Bodyweight and relative organ

Data related to relative organ weight in male and female mice treated with S. ligustrina extract+DHP were shown in Tables 2 and 3. The body weight in high-dose treatment groups significantly differed from control on the 7th–28th day for male mice (Table 2). In female mice of treatment groups, high doses showed a significant increase in body weight from the 21st to 28th compared to control, low, and medium doses. The body weight in the high-dose satellite groups was not significantly different from the 35th to the 42nd. The research showed that S. ligustrina extract+DHP in high dose significantly decreased bodyweight, but these effects were not permanent (reversible), as indicated by increasing bodyweight in satellite groups.

The relative organ weight of control and treatment groups, including liver, lymph, ulcer, lung, and heart, did not reveal significant change after S. ligustrina extract+DHP administration (Table 3). A significant change in the relative weight of the kidney was found in male and female treatment groups, but it was a non-dose-dependent increase. The relative organ weight of the kidney (1.54% ± 0.11%) in high dose increased significantly compared to in control (1.22% ± 0.11%) and low dose (1.17 ± 0.08). Brain and gonad in female mice of treatment groups showed a significant change in relative organ weight, but not in male mice of treatment groups. The relative organ weight of the brain in control was not different from in other doses. However, a high dose (0.42 ± 0.30) showed a decrease in the relative weight of gonad compared to the control (1.33 ± 0.47). There was no significant change in relative organ weight in all organs observed in satellite groups. The study showed that the administration of S. ligustrina extract+DHP significantly affected the relative weight of kidneys and gonads of mice, but their effects were reversible.

Hematological analyses

The results of hematological parameter analysis in male and female mice were presented in Tables 4 and 5, respectively. No significant change among male mice in treatment and satellite groups was noted in the level of Hb, MCV, MCH, MCHC, RDW, PLT, MPV, PDW, PCT, WBC, lymphocyte, monocyte, and granulocyte. The level of erythrocyte (RBC) in male mice (treatment and satellite groups) showed a significant change. The level of RBC in the high dose (11.64 ± 0.056 × 10^6/μl) of the treatment group increased significantly compared to the control (8.67 ± 0.15 × 10^6/μl). HCT level in satellite groups showed a significant change but not in treatment groups. However, RBC and HCT in medium (8.02 ± 0.83 × 10^6/μl; 36.73% ± 2.86%) and low dose (9.87 ± 0.43 × 10^6/μl; 44.87% ± 3.63%, respectively) were not significantly different in comparison with control (8.71 ± 0.72 × 10^6/μl; 41.37% ± 2.78%) in satellite groups. These changes were not dose related. In the treatment groups, the level of lymphocyte and granulocyte in medium and high doses (52.93% ± 11.7% and 41.63% ± 10.72%; 38.90% ± 0.95% and 57.47% ± 1.36%, respectively) was significantly different from the control (62.73% ± 2.55% and 33.60% ± 2.78%, respectively), but not for granulocyte in medium dose (41.63% ± 10.72%).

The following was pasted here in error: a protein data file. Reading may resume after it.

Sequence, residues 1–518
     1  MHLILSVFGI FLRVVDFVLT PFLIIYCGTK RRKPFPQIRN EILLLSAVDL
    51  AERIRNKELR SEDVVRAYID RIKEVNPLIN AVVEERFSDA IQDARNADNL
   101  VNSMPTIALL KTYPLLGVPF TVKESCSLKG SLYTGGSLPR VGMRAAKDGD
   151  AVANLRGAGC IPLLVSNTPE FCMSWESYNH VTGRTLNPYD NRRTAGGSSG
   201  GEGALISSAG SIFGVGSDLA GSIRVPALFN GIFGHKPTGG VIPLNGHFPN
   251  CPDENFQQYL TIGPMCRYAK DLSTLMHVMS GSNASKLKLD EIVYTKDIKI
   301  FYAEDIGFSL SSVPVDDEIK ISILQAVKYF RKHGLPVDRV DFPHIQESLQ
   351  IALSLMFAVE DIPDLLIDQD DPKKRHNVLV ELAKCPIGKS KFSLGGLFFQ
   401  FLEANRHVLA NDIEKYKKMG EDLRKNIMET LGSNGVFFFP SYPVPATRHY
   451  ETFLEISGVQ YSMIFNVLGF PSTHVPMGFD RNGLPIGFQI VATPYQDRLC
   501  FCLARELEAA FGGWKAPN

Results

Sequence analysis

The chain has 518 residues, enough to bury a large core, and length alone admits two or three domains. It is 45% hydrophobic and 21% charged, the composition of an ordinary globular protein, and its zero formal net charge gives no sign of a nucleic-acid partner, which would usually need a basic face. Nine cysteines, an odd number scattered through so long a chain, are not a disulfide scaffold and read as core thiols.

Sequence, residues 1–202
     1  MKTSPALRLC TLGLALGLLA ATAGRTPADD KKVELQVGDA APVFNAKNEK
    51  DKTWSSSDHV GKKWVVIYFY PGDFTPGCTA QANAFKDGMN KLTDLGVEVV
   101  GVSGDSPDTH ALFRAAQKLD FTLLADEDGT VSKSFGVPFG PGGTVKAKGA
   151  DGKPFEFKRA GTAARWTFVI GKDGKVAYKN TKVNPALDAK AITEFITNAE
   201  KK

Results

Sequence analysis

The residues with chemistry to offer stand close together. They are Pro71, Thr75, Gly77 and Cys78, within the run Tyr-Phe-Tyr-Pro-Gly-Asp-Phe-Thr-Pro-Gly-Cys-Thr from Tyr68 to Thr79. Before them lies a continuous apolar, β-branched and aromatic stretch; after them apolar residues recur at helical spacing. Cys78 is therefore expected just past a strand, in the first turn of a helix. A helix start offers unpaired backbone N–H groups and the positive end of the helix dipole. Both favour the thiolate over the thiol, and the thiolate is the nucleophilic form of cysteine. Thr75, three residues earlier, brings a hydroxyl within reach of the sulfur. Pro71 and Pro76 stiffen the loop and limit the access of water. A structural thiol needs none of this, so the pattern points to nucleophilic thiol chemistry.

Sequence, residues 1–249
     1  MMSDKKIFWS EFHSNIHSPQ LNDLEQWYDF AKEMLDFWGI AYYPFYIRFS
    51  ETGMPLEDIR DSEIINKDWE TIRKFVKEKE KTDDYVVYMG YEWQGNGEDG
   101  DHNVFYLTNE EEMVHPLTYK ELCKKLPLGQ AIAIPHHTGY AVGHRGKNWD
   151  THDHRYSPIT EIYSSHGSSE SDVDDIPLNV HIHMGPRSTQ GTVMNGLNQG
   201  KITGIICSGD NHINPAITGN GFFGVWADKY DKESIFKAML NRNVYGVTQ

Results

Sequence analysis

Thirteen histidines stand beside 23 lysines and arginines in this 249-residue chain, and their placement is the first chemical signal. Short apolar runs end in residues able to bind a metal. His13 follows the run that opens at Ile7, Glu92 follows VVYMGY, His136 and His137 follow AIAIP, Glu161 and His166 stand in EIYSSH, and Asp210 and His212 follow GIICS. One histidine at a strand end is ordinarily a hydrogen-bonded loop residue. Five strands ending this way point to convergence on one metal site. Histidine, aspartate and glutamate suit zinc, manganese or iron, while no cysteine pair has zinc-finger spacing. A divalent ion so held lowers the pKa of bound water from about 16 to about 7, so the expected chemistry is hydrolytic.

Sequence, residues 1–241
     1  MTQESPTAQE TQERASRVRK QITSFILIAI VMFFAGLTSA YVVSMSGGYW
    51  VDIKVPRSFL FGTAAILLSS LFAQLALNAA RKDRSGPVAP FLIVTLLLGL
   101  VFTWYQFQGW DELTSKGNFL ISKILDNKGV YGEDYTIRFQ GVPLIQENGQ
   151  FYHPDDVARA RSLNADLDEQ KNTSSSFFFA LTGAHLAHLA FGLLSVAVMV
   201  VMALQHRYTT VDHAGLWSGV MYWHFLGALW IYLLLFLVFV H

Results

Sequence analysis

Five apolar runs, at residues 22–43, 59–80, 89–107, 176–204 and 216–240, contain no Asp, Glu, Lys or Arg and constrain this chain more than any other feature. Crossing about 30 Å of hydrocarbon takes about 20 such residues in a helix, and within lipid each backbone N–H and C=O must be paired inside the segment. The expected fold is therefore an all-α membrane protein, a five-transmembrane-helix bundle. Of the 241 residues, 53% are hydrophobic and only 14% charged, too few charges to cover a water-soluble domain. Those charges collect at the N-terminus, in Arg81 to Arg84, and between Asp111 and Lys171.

Table 1. The mortality of mice after the combination of S. ligustrina extract and DHP treatments.

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Table 2. Effect of combination of S. ligustrina extract and DHP on body weights in mice.

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Table 3. Effect of combination of S. ligustrina extract and DHP on the relative organ weights in mice.

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Table 4. Effect of combination of S. ligustrina extract and DHP on hematological parameters in male mice.

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Table 5. Effect of combination of S. ligustrina extract and DHP on hematological parameters in female mice.

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The hematological analysis in female treatment groups revealed a statistical change in some parameters, i.e., MCV, MCH, and granulocyte 2, while other parameters showed no significant change (Table 5). The value of MCV and MCH in high dose of treatment groups (44.13 ± 0.29 fl and 14.27 ± 0.35 Pg) decreased significantly compared to control (48.73 ± 1.27 fl and 15.50 ± 0.10 Pg). In addition, the high dose (49.70% ± 4.37%) in treatment groups showed a significant increase in granulocyte compared to the control (30.20% ± 6.32%). A significant change in the level of RBC, Hb, HCT, MCH, and PDW was noted in female satellite groups treated with three-level doses compared to the control groups. However, these changes were not dose related. The level of HCT and PDW in the high dose of satellite groups (35.03% ± 1.33% and 15.97 ± 0.25fl) decreased significantly compared to the control (39.3% ± 2.1% and 17.1 ± 0.9fl). The result showed that S. ligustrina extract+DHP in the high dose significantly changed the hematological parameters of treatment groups, but these changes recovered in male and female mice of satellite groups. The best recovery was in hematological parameters found in the male mice.

Biochemical analyses